The moon is something that is a symbol of this world. It is something that is constantly in flux, waxing and waning. It has its ups and downs, as we all do. This can be something that is either perceived as depressing, making life seem endless and purposeless, or it can add great meaning to our lives. The waves of the ocean, with their ebb and drift, are also affected by the moon. Our relationships also have their ups and downs, but that is what makes them relationships. They cannot grow stale if we are ready to perceive the new moon as just that – renewal. It is precisely because there is a cycle that we can find newness and excitement in life. The peace that exists in life, and in relationships, is largely a product of seeing life’s ups and downs as chodesh. In marriage, we record in the kesubah and other documents which chodesh it happens in, and we look to the new moon. In divorce, unfortunately, we are in the stale mode of yareach. The righteous person is blessed that he will experience such peace that he will no longer live with any yareach at all.
Rosh Chodesh is fundamentally different from Shabbos, explains the Chiddushei Harim of Ger, for while Shabbos is the conclusion of the week, Rosh Chodesh comes first. The potential for the next month is there in the first day. It is the potential that we all get even before accomplishing anything, as opposed to the Shabbos experience, which is entirely dependent upon the quality of one’s week.
The month of Nissan is the month of freshness. It is the month when the Jewish people were chosen, and taken from slavery to freedom. The opinion of Rabbi Yehoshua, recorded in the Gemara, is that the world was created in Nissan. Chasam Sofer explains that this opinion means that the creation of the Jewish people was what made the world worthwhile, and therefore, the world was, so to speak, created in Nissan! It is a time when every day is once again the first day of the rest of your month – i.e., every day is packed with the potential to usher in a brand new reality. The very first message that the Jews received, in the first mitzvah that was given to them, was that today is a brand new day. There is a month that can teach you newness, that can remind you that there is always hope.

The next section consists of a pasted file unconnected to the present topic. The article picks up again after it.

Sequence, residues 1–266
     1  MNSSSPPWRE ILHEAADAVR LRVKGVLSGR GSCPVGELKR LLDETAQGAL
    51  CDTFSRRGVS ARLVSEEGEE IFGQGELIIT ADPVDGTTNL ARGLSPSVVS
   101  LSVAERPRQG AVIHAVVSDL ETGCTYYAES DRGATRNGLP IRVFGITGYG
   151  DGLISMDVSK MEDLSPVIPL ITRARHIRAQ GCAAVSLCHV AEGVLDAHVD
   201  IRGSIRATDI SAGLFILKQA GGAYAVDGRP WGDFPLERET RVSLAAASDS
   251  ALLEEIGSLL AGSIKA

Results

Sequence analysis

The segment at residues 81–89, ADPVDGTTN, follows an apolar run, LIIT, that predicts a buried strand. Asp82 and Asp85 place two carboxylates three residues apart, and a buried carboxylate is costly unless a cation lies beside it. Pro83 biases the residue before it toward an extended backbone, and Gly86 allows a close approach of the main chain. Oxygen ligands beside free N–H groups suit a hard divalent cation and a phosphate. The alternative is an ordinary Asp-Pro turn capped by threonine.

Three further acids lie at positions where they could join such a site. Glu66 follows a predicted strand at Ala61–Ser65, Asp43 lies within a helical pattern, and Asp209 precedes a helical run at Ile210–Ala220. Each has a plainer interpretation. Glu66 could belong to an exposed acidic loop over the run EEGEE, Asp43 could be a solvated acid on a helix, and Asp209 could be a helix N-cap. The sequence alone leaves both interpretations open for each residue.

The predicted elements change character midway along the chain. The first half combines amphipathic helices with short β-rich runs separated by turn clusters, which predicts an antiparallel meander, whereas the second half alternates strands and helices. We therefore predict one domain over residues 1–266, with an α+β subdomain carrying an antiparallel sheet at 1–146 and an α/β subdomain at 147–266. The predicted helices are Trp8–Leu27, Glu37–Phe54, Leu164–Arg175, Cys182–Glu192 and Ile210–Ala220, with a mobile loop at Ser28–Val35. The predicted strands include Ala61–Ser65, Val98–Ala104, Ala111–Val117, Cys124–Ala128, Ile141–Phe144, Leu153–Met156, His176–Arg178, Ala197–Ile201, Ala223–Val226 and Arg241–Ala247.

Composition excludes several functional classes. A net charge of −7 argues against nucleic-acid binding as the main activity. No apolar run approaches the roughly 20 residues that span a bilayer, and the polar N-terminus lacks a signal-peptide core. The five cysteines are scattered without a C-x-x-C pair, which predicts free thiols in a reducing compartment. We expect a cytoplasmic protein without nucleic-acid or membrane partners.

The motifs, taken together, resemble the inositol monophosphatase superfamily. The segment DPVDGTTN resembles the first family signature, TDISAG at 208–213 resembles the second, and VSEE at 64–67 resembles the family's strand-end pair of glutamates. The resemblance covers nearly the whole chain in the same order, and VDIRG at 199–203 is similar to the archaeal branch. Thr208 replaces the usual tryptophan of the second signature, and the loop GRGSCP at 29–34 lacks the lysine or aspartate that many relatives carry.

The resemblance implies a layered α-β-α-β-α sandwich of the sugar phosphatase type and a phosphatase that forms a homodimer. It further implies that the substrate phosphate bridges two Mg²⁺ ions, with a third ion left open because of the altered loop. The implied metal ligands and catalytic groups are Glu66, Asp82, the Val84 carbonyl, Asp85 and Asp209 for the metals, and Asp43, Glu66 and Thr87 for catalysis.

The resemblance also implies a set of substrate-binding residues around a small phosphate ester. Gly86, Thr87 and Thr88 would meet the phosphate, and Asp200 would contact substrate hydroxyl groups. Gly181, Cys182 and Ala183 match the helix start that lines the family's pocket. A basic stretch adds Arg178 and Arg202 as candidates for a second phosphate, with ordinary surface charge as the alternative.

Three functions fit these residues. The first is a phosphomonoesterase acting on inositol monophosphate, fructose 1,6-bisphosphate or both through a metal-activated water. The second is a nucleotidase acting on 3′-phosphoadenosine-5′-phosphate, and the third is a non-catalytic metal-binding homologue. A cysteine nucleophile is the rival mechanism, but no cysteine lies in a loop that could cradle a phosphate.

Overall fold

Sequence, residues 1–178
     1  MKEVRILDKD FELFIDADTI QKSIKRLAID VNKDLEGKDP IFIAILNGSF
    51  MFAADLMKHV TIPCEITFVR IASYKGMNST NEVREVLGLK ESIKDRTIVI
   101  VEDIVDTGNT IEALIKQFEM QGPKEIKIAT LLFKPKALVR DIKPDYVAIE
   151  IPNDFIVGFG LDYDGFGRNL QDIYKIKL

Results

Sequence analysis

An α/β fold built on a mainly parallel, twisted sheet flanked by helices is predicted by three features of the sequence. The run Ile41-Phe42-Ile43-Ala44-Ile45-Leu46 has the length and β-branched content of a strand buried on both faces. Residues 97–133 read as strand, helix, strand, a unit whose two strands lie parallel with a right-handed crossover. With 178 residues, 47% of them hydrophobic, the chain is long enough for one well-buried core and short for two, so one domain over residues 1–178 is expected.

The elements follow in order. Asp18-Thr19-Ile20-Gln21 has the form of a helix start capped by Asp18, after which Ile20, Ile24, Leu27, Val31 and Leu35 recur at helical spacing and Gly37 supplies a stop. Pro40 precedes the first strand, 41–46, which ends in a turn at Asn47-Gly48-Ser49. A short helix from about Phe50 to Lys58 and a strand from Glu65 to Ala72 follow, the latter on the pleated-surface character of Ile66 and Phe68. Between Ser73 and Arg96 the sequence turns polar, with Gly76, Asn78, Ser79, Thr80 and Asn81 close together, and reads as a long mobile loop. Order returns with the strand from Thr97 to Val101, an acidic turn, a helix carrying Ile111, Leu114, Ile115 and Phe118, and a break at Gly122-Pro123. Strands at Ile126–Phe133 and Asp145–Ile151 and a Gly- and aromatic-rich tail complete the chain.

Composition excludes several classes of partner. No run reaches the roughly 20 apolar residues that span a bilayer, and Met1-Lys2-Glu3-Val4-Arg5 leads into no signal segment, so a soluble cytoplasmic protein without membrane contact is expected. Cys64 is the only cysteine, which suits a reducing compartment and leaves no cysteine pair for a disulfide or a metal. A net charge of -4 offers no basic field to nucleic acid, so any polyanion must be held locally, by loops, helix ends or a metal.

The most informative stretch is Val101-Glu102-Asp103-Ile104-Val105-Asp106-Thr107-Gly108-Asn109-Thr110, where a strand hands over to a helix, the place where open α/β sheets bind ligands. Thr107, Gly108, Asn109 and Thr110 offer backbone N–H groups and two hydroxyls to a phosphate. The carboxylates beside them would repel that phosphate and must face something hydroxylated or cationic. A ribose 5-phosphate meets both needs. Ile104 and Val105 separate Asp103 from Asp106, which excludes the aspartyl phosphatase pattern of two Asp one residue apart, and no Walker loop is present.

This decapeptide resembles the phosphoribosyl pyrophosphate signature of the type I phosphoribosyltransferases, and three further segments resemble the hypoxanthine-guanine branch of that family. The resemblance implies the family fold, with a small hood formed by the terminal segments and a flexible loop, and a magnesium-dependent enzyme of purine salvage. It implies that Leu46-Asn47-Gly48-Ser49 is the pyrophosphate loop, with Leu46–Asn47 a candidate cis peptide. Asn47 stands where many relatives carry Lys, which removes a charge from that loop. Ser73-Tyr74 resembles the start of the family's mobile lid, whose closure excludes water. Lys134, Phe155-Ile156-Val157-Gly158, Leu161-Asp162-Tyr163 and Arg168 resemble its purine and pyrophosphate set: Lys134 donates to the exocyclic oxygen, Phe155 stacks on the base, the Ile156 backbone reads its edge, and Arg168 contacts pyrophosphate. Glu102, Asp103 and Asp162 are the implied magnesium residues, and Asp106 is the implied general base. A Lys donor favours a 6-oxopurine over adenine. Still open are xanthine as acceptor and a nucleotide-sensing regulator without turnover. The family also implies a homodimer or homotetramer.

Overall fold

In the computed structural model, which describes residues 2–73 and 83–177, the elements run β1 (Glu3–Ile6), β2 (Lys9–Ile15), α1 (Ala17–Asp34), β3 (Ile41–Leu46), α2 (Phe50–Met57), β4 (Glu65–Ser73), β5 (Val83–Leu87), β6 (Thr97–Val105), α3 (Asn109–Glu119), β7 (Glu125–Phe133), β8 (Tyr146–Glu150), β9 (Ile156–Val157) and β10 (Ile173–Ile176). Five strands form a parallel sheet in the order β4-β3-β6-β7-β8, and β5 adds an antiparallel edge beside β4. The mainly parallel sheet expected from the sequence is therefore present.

Parshas Bo, Derech Chaim Tochachas Mussar, Meseches Pesachim, Ner Mitzvah 6. See also Chasam Sofer al Hatorah, Parshas Bo 12:2
 Tehillim 72:7
 Radak, Ibn Ezra, ad loc.
 Shemos 19:1
 Yalkut Shimoni, Yisro 271
 In his work, Hachaim Yoducha on Tehillim
 Even Haezer 126:4
 See the comments of Beis Shmuel, ad loc.
 Dvarim 33:14
 Rema, Even Haezer 64:3, based upon Ran to Sanhedrin, ch. 6. See also Shulchan Aruch Yoreh Deah, 179.
 Niddah 31b: “R. Meir said, ‘Why does the Torah mandate that a woman separate from her husband for seven days? Because her husband grows used to her, and not longer desires her as he did, so the Torah said, let her be impure for seven days so that she will be as beloved to her husband as she was to him when he first married her.’”
 Quoted in Sfas Emes, Tazria-Hachodesh, 5657, s.v. ksiv. See also Shem Mishmuel (Vayikra, 580, s.v. ulifi darkenu), who explains this more fully.
 Avodah Zarah 3a: “He who toils on erev Shabbos will eat on Shabbos; he who does not…”
 See, in fact, Agra Dikallah to Pikudei (Vayikra 40:2), where he quotes the Rebbe of Lublin, that the first twelve days of Nissan have the potential for the entire year in them, each one corresponding to one month. He says that the Rebbe of Lublin would predict in writing some things that would happen that month in the coming year on each of these 12 days. He died in the month of Av, and that year, they found that he had only written up until the month of Av.
 Rosh Hashanah 27a
 Drashos 27 Tishrei, p. 335b
 See the essay of R. Moshe Wolfson in the Nezer Hatorah journal, vol. 18, p. 333, where he makes this point, and elaborates further.